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Randolph
02-13-2011, 10:46 AM
I have just completed the 4 day training class on Solidworks 11. It was a good class led by a good instructor. Does anybody have any suggestions about a method for follow up training and practice? There are some pretty good tutorials on YouTube. I do know that the secret to proficiency with this kind of thing is practice.

Peter N
02-13-2011, 10:59 AM
Randolph, by far the best way to learn and experiment is to take a fully dimensioned 2D drawing of a reasonably complex part or assembly, and then work at converting that into a 3D model.
Doing it this way - particularly if it is a part you may be familiar with - is a lot more relevant & allows it to 'sink in' a lot better than many of the tutorials that are out there.

If you're stuck for drawings I'd be happy to e-mail you some interesting ones to work on, although these would all be dimensioned in metric.

Peter

mochinist
02-13-2011, 11:03 AM
What Peter said, also just grab random objects around the house/office, and model them.

squirrel
02-13-2011, 11:08 AM
Just design something something from scratch, since you are on this forum I'll assume you like machining, so, design an engine. Then run Von Misses FEA simulation on the crank arm and opitmize it. I am sure you would make some people very happy posting dimensioned drawings and 3D models and simulation results. Designing from scratch provides the challange, books are fine but for me, the information goes in one side and out the other, having to apply it makes it stick. I just love SolidWorks and just added SolidCam for the CAM side and it has taken us several levels higher in productivity and design.

DFMiller
02-13-2011, 12:11 PM
I really good thing to do is work on your CSWA certification. There is a real good training book out there. Its prompts you to do just what everyone else says. Model Model Model. The book has over a hundred example. There are some mistake in it. ;-(
They are mostly at the end.
Practice makes perfect.

Black Forest
02-13-2011, 12:54 PM
Practice makes perfect.[/QUOTE]


That is not true at all. If you practice wrong you just get perfect at doing it wrong.

Perfect practice makes perfect. It makes no sense at all to practice something wrong. One needs to know how to do it correctly and practice that!

brian Rupnow
02-13-2011, 02:57 PM
Go ye forth and buy "Inside Solidworks" 2nd edition by David Murray. isbn #0-7668-2348-2 I have been a Solidworks user for 11 years now, and still occasionaly refer to that book. Try "chapters" book store.

RB211
02-13-2011, 03:37 PM
I did what Peter suggested, I took 2d drawings of steam locomotives and made them 3d.

Peter N
02-13-2011, 03:38 PM
There's nothing like practice to make you understand it though.

I've also been using it for 11 years but I'm entirely self taught, never had an hours training in my life, but just using it teaches you so much more, as you have to 'learn' the way around problems and issues.

These are just a few of the commercial designs I've done which have all made it into successful product, apart from the carburettor, which was just modelled for fun.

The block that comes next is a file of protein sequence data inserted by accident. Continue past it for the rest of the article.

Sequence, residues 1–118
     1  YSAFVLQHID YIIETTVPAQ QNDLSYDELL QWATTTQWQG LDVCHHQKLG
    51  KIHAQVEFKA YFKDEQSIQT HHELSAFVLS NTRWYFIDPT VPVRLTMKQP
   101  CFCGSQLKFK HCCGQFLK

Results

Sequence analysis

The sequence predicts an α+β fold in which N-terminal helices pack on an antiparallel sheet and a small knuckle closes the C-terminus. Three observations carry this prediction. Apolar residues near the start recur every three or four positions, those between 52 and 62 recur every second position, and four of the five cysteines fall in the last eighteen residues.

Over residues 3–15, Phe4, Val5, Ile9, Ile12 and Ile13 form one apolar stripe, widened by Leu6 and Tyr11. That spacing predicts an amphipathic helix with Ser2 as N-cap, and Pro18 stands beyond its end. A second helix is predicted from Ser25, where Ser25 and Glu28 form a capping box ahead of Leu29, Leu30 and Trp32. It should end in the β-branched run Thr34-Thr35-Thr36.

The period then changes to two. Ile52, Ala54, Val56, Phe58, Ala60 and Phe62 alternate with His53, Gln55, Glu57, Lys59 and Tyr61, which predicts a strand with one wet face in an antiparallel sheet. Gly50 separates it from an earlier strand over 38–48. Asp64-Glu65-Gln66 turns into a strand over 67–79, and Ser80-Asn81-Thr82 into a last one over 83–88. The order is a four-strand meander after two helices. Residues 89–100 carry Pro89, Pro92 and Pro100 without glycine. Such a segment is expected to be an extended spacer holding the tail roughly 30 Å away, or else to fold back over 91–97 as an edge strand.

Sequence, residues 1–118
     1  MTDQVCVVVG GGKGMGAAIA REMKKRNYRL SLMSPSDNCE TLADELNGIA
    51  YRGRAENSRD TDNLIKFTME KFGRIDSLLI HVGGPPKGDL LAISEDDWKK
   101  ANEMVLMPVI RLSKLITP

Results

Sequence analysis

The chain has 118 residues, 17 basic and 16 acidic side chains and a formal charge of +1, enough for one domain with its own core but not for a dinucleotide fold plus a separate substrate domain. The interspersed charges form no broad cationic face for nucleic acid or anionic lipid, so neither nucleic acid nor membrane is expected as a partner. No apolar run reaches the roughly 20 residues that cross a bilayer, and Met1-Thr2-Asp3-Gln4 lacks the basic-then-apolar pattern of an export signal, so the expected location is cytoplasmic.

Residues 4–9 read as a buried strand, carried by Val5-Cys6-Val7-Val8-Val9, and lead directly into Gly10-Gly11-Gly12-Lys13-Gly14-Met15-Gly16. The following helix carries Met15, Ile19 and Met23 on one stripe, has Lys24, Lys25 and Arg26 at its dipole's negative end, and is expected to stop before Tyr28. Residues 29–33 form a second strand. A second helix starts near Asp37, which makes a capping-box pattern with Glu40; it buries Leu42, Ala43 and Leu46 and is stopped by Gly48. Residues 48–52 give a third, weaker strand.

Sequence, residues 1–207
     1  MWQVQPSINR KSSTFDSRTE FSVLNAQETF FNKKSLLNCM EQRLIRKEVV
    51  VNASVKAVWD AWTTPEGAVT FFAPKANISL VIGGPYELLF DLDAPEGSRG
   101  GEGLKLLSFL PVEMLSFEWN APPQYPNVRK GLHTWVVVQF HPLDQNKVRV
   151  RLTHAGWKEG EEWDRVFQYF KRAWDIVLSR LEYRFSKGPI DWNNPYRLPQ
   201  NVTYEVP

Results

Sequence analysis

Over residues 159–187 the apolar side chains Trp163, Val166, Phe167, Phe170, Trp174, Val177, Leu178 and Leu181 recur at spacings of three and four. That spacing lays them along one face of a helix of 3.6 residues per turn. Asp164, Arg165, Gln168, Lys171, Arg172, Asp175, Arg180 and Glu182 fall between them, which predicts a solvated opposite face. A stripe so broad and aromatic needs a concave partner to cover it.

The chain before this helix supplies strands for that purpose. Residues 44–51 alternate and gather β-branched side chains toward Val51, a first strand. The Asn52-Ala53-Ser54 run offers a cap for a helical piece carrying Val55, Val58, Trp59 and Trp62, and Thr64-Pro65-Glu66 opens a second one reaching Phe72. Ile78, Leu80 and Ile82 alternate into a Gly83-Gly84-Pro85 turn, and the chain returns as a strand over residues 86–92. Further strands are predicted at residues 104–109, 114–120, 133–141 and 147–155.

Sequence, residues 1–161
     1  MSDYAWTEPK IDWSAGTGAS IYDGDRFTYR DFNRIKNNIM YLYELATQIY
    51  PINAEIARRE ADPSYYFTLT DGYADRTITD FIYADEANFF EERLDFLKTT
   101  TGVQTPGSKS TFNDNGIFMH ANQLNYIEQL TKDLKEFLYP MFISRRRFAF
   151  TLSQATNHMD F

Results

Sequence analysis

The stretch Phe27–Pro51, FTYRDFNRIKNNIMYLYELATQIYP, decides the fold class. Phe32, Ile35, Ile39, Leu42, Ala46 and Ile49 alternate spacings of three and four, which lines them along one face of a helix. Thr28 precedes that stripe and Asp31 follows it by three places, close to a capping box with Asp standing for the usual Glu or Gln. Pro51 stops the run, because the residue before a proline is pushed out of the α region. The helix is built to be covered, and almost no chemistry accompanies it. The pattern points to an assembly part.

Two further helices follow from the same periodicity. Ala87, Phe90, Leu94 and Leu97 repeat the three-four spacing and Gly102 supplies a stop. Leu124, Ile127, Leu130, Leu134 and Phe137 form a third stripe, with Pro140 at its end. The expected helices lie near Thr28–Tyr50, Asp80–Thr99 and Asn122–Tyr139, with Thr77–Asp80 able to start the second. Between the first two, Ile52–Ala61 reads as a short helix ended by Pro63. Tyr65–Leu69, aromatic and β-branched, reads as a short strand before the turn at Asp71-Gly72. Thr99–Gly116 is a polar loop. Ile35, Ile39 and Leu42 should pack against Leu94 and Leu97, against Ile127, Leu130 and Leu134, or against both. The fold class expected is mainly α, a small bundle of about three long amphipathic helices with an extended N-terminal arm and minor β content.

http://www.admould.co.uk/AML%20-%20CaseStudy%20Files/GetragResize.jpg


http://www.admould.co.uk/AML%20-%20CaseStudy%20Files/EnoxaPen2.jpeg

http://www.admould.co.uk/AML%20-%20CaseStudy%20Files/BB2J_BigCAD.jpg


http://www.admould.co.uk/AML%20-%20CaseStudy%20Files/Carburettor.jpeg


Peter

justanengineer
02-13-2011, 04:37 PM
The trick to learning a 3d modeling package isnt in creating many models, its in creating a few extremely complicated models and combining them into an assembly and varying components to create interferences. Fixing assemblies that have interference issues at the end will teach you to model things correctly, as well as how each feature is interdependent on others. I did this professionally in college, but the models that I learned the most from were my own engine projects. There are some very interesting ones on youtube.

If your software has a FEA analysis feature, do not rely on it until you have had several classes on the subject and can understand the matrix math involved. FEA is one of the most screwed up analyses ever performed bc it seems simple, but is done wrong 99% of the time IMO.

Nice models Peter. They make me wish I still had access to the Offy head model I created in college (left it there).

RobbieKnobbie
02-13-2011, 05:10 PM
All the above is good advice. Model Model Model!

But I would add the following: The training class goes through about 1/1,000,000 of all the actual commands and techniques, so go through some of the tutorials in the package itself, experiment with sheet metal, parametrics, and all those wonderful extras they pack in there.

I found I had the most difficulty making 2d prints from my models at first. Solidworks would belt out automatic drawings all day long, but I always treated them as a starting point for a proper drawing. Learning to redimension and fix up took some time.

When I was correcting drawings, 99% of the errors were from when the engineers just relied on the automatic features.

Randolph
02-13-2011, 06:17 PM
Thanks for all the good answers. It must be true that at least one of the secrets to learning is to know where to ask the proper questions.